Google Analytics custom campaign tracking is essential for measuring the effectiveness of your marketing efforts. Let’s say you were promoting your new ebook across social media and emails, how would you know which social post or email blast was the most effective?
That’s where Google campaign parameters come in (also referred to as UTM). You simply add them to your URLs, which are then used in your web-based, email or ad promotions. When someone clicks on them, the custom information linked to these URLs via parameters is sent to your Google Analytics reports.
If you don’t tell Google the specifics of your campaigns, then they will be rolled into existing buckets without the ability to identify them. This most commonly happens with emails and social posts that by default get classified as referrals.
But once you start tagging your campaigns, you will see those social initiatives and email newsletters separated by campaign names and other information you provided.
Tagged up links can also be used in email signatures, listings on other sites and social media profiles.
By using campaign tagging you will understand better which URLs have been most effective in attracting users to your site or content, for example you’ll see which:
- Email newsletter brought you the most traffic
- Ad was best at bringing you converting visitors
- Facebook post engaged the most users
If you have goals set up, then you will also see how visitors from individual campaigns convert on your website.
Using custom campaign data in reports
You can access custom campaign data in Acquisition > Campaigns > All Campaigns report, where you will see your various campaigns based on the parameters used in URLs.
You can also switch between viewing your campaigns by source and medium tags that you’ve used.
Another report you can use is the Assisted Conversions (under Conversion > Multi-Channel Funnels) that summarises how your channels, or campaigns, contribute to your conversions.
To see the campaigns, you need to click on ‘Other’, find ‘Campaign’ and select it.
Now you will see data related to your campaigns only.
Check Google’s guidance on understanding the Assisted Conversions report.
Consistency is very important in campaign tagging so make sure that the parameters you use in your campaigns are exact.
For example, if you use email, Email and E-mail, Google Analytics will record them as three different mediums in your reports.
So, set your naming conventions and if you have a bigger team, then agree on what they are and make sure everyone is aware of them.
What tags can you use in your campaigns?
There are five types of information you can pass on with the tags/URLs.
Three of them should always be used:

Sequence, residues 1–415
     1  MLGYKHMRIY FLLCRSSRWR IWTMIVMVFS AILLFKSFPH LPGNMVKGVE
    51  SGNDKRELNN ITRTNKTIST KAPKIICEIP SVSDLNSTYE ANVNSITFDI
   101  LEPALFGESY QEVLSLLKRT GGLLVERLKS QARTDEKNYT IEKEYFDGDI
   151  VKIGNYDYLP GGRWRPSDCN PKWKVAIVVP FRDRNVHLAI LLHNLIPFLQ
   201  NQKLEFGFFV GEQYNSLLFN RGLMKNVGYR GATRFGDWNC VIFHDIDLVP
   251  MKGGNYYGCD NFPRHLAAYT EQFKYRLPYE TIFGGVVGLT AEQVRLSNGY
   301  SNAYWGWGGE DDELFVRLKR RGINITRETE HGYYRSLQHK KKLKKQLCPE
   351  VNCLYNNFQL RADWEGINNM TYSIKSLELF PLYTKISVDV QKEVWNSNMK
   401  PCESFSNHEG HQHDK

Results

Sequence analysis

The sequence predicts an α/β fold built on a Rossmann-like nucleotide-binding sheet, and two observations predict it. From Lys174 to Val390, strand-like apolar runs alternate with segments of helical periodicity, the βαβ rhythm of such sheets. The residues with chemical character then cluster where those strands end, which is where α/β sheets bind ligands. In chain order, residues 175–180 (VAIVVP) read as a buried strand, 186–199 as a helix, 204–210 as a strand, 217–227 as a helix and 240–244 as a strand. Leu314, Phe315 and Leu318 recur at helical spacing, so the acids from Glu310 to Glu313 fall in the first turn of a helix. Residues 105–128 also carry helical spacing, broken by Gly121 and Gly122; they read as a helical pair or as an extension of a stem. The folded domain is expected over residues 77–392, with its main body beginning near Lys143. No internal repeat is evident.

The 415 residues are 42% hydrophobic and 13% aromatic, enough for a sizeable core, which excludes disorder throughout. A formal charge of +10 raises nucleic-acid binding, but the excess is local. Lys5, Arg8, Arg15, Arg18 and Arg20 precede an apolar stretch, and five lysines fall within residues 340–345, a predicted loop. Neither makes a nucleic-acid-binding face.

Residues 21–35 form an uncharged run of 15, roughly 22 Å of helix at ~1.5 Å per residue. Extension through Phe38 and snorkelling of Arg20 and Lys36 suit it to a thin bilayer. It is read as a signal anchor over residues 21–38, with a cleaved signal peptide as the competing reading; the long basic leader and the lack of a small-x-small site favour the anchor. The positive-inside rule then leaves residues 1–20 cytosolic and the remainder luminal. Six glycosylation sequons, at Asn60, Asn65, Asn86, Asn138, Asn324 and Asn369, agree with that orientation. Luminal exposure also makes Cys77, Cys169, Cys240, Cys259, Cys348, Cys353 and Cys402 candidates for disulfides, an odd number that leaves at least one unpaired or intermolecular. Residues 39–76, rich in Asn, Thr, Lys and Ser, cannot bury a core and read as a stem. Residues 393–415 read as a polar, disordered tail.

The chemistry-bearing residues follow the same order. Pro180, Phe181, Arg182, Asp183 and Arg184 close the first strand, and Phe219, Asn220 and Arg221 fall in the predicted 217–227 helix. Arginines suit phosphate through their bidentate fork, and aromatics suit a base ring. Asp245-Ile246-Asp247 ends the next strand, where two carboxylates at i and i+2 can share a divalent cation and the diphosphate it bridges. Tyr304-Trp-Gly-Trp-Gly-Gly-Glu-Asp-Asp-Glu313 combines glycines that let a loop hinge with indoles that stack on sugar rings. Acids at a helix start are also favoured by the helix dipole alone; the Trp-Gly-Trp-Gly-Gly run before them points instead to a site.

Campaign source (utm_source) – identifies where the traffic comes from, eg newsletter, google.
Campaign medium (utm_medium) – advertising or marketing medium, eg cpc, email.
Campaign name (utm_campaign) – what the campaign is called whether it’s a promo code or specific promotion, eg winter sale.
The other two, whilst not required by Google, are useful for tracking additional information:
Campaign term (utm_term) – identifies paid search keywords if you’re manually tagging your paid keyword campaigns, eg red shoes.
Campaign content (utm_content) – helps differentiate between same type of content or links, useful when doing AB testing or using multiple calls to action, eg logo or text link.
How to tag your campaigns?
It’s easier than you might think. You can do it manually if you know how, but the available URL builder tools online make it super simple to tag your links correctly.
But if you’re using Adwords or Bing then you can enable auto-tagging so you don’t have to worry about tagging them.
For websites use the Google URL builder tool to append URL parameters.
For Android, use the Google Play URL builder tool to append URL parameters. You also must have Google Play Campaign Attribution set up in your Android SDK.
For iOS, use the iOS Campaign Tracking URL Builder to append URL parameters. You must use Google Analytics iOS SDK v3 or higher for this to work.
For manual tagging, you need to enter a question mark after the URL and before adding your parameters. Then pair up the parameters with their values, eg utm_source=newsletter, and separate campaign parameters with an ampersand. After the question mark, parameters can be placed in any order.
You’ll end up with a link that’ll look something like this: http://www.littledata.io/?utm_source=newsletter&utm_medium=email&utm_campaign=welcome, which is ready for use in your promo activities.
Auto-tag your campaigns
To make campaign tracking and tagging simpler, we have created a tool in Google Sheets that automatically creates a tagged up link. You’ll need to fill the values for parameters and the formula will do the rest for you. To use it, you’ll need to make a copy to store in your own Drive (via File option).
Got questions? Comment below or get in touch!